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Strategic Considerations in the Rapidly Changing Banking Environment

On March 10, 2023, the California Department of Financial Protection and Innovation and the Federal Deposit Insurance Corporation (FDIC) closed Silicon Valley Bank (SVB) after a deposit outflow created a severe liquidity strain at SVB. On March 12, 2023, the New York Department of Financial Services and FDIC closed Signature Bank (Signature) for similar reasons. This followed an announcement earlier in the week by Silvergate Bank (Silvergate) that it was beginning a voluntary liquidation process.

In the past week, several other U.S. and international banks have explored government funding and other options to deal with similar deposit and liquidity issues.

U.S. government officials have argued that the liquidity issues of SVB, Signature, and Silvergate are not indicative of the health of the U.S. banking system, given such banks' exposure to and concentration in venture capital-funded customers, especially customers in the crypto industry. However, many financial institutions face the same asset-liability mismatch that caused issues at SVB and these other banks.

Uninsured Depositors

As part of the resolution for SVB and Signature, the Federal Reserve and Department of the Treasury stepped in to guarantee deposit liabilities in excess of the statutory maximum insured amount of $250,000. Federal banking regulators have justified this extraordinary measure on the basis of needing to maintain depositor faith in the banking system. However, there is no guarantee that federal banking regulators will step in to make uninsured depositors whole in the event that another insured institution fails before a buyer can be arranged by the FDIC.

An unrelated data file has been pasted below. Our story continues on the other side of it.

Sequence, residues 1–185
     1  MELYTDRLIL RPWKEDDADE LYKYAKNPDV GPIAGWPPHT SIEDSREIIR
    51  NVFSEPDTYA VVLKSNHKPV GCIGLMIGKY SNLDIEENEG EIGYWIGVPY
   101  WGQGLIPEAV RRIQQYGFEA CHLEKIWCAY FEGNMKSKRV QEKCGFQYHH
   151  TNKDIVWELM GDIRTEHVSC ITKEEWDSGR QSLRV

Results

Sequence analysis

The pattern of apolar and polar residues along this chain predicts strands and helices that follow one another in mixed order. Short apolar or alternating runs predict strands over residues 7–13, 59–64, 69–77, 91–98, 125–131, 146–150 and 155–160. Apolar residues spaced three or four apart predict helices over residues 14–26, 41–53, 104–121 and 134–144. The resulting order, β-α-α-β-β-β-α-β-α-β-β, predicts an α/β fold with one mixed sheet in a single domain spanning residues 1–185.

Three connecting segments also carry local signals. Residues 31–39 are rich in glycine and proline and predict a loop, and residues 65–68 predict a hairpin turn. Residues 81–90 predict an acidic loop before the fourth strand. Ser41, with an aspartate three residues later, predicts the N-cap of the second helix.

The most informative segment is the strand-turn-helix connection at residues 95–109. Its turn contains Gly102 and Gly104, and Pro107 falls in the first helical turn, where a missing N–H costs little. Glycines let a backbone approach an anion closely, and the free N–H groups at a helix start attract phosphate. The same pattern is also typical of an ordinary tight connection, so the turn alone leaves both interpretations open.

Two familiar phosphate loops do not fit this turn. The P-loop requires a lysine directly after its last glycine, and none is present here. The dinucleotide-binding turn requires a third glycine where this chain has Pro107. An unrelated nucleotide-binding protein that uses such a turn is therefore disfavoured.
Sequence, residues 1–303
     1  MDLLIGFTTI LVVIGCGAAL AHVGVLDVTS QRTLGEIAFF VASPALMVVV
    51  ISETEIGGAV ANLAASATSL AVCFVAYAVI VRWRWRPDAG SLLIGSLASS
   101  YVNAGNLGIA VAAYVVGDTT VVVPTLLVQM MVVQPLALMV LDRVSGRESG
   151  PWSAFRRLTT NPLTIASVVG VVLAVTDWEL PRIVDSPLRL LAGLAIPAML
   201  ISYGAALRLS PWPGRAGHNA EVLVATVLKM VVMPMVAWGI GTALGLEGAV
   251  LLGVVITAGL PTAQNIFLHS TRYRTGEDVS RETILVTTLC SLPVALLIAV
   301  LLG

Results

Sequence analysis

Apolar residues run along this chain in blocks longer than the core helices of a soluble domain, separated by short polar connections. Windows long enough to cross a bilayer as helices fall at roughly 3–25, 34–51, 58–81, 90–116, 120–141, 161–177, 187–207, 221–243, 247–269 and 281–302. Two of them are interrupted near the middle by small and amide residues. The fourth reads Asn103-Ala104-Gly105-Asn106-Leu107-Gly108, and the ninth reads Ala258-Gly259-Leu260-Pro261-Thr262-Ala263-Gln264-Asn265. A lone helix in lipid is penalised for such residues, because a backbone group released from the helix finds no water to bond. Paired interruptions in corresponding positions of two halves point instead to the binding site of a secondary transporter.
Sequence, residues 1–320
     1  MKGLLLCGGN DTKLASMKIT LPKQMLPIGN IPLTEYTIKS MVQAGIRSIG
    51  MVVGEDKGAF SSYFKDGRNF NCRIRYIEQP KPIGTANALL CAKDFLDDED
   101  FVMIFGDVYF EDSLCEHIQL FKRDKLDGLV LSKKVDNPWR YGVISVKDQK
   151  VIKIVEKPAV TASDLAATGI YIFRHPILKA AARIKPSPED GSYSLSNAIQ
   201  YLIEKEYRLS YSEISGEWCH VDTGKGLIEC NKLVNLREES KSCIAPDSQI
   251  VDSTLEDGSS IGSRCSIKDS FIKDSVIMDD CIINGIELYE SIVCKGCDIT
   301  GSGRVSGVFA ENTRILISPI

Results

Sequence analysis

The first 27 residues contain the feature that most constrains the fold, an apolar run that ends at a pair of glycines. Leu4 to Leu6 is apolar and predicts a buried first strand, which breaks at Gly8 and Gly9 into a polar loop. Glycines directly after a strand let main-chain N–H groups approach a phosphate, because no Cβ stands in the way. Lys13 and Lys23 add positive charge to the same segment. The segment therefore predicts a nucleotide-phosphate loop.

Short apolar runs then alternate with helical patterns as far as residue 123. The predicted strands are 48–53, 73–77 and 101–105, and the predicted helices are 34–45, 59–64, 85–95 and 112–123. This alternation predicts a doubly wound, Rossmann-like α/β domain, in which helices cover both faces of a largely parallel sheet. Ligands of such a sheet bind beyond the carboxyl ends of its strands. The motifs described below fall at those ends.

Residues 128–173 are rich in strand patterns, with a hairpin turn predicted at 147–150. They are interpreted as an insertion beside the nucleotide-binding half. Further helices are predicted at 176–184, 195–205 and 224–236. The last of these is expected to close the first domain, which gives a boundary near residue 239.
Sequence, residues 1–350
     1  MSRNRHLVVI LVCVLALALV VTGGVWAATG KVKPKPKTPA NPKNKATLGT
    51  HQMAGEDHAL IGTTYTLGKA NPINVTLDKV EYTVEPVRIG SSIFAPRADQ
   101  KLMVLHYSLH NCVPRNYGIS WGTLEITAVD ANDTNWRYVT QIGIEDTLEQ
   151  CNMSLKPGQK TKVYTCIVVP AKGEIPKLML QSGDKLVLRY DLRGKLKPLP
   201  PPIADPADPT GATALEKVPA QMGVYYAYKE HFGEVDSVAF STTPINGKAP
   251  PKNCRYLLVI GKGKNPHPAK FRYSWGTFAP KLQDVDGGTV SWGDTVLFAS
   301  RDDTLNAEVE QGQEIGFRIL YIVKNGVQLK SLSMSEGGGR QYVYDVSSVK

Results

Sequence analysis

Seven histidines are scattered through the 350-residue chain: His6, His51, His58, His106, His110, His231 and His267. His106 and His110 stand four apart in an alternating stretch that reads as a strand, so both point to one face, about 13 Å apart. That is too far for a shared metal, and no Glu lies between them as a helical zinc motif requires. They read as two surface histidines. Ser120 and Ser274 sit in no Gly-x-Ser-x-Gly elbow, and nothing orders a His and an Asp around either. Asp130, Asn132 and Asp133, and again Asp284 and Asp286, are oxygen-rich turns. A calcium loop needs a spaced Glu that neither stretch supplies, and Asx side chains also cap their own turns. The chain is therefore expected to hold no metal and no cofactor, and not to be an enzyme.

Federal Reserve Lending Facilities

In the wake of the failure of SVB and Signature, the Federal Reserve announced that it would institute the Bank Term Funding Program (BTFP) to provide additional liquidity to allow depository institutions to meet their deposit obligations. Under the terms of the BTFP, eligible depository institutions may receive loans from the Federal Reserve in an amount up to the value of pledged collateral for a term of one year. Any collateral that is eligible to be purchased by the Federal Reserve in open market operations may be pledged under the BTFP, and the collateral will be valued at 100 percent of par value, rather than the market value of such collateral. This will allow depository institutions to realize some of the value of their securities portfolios without being forced to actually liquidate such securities, many of which are subject to severe unrealized losses as a result of recent interest rate increases.

Rapidly Evolving Situation

The banking market has seen continued turmoil this week. On March 16, Crédit Suisse announced that it had secured a $54 billion loan from the Swiss National Bank, the central bank of Switzerland, and a consortium of large banks announced a plan to place $30 billion in deposits at First Republic Bank to secure its liquidity position.

The current uncertain financial environment means that financial institutions should revisit their risk assessments for transactions with other financial institutions, as well as the effectiveness of their back-up liquidity plans. Customers with large uninsured deposits should also perform their own risk assessments to ensure they understand their risk exposure.

Baker Donelson continues to monitor events as they progress. Please reach out to any of the authors, John H. Rowland and D. Taylor Tipton, or your Baker Donelson attorney if you have questions.

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